NF: "Peas and rice"…
EW: "Peas and rice" is a good one. So we had a lot of fun doing the TV safe film version. And also, to replace the c-word we had to take from "The Nutty Professor" the word "klump," so that's a good sort of dialogue replacement as well.
Reporter: Isn't that ruder than the actual word?
NF: It can be…
EW: It can be, yeah. I think that's what's sort of funny about it. I think Patton Oswalt does a funny routine about that, about dialogue replacements that sound even ruder than the swear word.
Bullz-Eye: Nick, I noticed that on the single-disc DVD for the US release you weren't on the audio commentary…
Bullz-Eye: Was that a conscious decision or did they just not tell you about it?
NF: Uh, it'll be on the HD, it'll be on the, uh - I can't even say the company – Wal-Mart, and it's on the Wal-Mart double-disc.
Reporter: Nick, I was just wondering about that. So this is an exclusive Wal-Mart thing? How did that happen – I've never even heard of it…
NF: You've never heard of Wal-Mart? It's this...
Reporter: I've never heard of Wal-Mart having a special edition set, especially with you guys – it's just kind of weird.
"Uh, I dunno. I suppose if you sort of took like a – I mean how would it work – you had a pint of beer every time they had a pint, and a shot every time you heard the f-word…" - Edgar Wright on a Hot Fuzz drinking gameNF: Well, on the Wal-Mart one throughout the whole film – in the bottom left – it just says "Wal-Mart" very small… it never leaves. (laughs)
Reporter: And so has the movie been released on DVD overseas?
EW: Yes, yes it has. It's out in the UK.
Reporter: And how has reaction and sales…
EW: It sold a million copies in four weeks.
Reporter: And you guys broke records when it opened in theaters over there. Did the studio do anything for you guys – buy you a car or a hot air balloon or anything?
NF: (laughs) We got a case of Cristal, which, it doesn't seem much...
Reporter: Could you talk about what you guys have coming up next?
"EW: Well, we're both still writing at the moment. We're in a furious writing period. Simon is writing with Nick, and me and Simon are going to start writing something later on this year, which will be – I think it will be the third in the trilogy, in what we're calling the Blood and Ice Cream Trilogy – and I'm writing two adaptations, both of which I've been doing before "Hot Fuzz." And then we only really finished doing the press tour for the actual film last month in France, so we're just getting into writing now.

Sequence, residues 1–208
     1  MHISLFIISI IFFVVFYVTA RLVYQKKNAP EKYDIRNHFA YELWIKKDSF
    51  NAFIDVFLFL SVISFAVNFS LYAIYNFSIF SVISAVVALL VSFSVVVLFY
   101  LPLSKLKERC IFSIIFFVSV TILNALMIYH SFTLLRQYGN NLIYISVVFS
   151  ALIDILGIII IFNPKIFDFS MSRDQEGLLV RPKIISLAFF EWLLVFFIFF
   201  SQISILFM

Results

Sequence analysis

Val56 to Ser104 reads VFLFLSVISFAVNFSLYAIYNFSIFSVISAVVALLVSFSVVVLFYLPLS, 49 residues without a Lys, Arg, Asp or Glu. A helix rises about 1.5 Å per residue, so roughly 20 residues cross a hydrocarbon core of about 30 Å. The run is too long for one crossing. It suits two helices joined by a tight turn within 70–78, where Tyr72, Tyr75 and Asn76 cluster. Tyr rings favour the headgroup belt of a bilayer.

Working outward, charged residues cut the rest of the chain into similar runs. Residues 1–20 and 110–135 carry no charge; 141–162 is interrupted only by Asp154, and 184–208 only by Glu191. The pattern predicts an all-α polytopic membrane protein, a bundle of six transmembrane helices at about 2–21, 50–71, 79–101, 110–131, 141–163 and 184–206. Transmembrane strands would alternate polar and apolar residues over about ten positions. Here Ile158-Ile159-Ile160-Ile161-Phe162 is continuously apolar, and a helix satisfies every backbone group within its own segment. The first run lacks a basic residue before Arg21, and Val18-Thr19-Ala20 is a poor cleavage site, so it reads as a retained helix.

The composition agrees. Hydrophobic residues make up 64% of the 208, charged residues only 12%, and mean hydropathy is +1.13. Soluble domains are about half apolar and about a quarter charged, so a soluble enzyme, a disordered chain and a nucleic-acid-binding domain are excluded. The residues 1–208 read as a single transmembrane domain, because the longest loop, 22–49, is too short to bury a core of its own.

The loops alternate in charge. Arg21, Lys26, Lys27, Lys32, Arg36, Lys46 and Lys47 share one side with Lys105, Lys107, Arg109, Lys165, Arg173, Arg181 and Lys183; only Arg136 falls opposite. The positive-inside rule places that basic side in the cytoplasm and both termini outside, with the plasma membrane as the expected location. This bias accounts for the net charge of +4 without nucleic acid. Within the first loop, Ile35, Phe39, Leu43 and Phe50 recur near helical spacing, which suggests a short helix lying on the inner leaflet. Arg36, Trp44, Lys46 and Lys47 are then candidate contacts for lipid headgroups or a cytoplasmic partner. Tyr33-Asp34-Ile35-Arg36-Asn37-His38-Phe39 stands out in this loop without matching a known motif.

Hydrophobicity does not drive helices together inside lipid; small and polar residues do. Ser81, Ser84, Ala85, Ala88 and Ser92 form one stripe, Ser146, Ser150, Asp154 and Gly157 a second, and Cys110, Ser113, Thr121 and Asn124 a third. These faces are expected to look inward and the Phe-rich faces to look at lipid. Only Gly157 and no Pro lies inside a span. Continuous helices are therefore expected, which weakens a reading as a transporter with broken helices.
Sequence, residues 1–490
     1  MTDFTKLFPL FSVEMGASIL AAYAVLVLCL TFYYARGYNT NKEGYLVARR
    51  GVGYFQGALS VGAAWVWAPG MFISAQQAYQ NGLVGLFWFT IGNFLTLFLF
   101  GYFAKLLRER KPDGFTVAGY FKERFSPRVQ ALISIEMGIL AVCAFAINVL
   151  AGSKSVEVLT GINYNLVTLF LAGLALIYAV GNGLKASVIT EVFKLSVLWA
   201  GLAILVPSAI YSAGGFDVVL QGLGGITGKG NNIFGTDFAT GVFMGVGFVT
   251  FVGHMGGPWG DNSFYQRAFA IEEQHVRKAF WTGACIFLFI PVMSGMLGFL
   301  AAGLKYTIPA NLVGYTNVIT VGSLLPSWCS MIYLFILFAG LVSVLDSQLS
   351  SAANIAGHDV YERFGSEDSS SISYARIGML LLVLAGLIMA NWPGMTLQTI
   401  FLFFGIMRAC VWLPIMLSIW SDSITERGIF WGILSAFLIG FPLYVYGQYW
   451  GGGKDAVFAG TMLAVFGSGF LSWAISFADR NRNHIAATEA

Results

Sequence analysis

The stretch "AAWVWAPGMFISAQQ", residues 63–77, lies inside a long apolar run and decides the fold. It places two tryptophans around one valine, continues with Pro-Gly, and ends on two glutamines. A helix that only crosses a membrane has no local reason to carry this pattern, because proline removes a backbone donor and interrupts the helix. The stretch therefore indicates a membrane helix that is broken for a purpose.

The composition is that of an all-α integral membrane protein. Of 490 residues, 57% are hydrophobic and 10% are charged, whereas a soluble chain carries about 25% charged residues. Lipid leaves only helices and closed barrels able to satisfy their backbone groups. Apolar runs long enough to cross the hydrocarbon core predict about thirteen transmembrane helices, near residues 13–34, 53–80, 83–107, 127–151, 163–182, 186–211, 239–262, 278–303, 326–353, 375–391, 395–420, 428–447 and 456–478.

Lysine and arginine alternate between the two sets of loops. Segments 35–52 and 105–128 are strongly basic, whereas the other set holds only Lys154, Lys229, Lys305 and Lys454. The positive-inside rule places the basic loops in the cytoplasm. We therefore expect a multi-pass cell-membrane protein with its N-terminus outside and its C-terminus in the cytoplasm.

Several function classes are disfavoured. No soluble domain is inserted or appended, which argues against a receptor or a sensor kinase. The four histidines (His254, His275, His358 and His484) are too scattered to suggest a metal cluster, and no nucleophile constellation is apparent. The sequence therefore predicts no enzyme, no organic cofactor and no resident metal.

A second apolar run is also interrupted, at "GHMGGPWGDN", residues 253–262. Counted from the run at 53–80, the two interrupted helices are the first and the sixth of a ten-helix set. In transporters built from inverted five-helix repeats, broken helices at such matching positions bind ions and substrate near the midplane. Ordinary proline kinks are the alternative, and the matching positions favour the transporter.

Reporter: Do you guys switch off? Is that why Simon isn't here?
NF: Well he's shooting a movie at the moment…
EW: Simon Pegg actually said "I hate all geeks. I'm never going to Comic-Con ever again." You can put that on record. (laughs)
NF: I think he fears what he loves most.
EW: (laughs) He came here three years ago. He saw a Batman made out of Lego and he's never recovered.
NF: Well, he never thought it would get any better than that…
EW: (laughs) So he never came back.
Reporter: Can you talk a little about "Ant-Man" and "Them"?
EW: Uh, no. Only that they're being worked on at the moment. One of which I'm co-writing and "Them" – which is not a remake of the giant ants film – it's actually a Jon Ronson book that I'm been developing with Mike White, and he's been writing that.
NF: So you're doing a film about a small ant and a big ant?
EW: Yes. (laughs)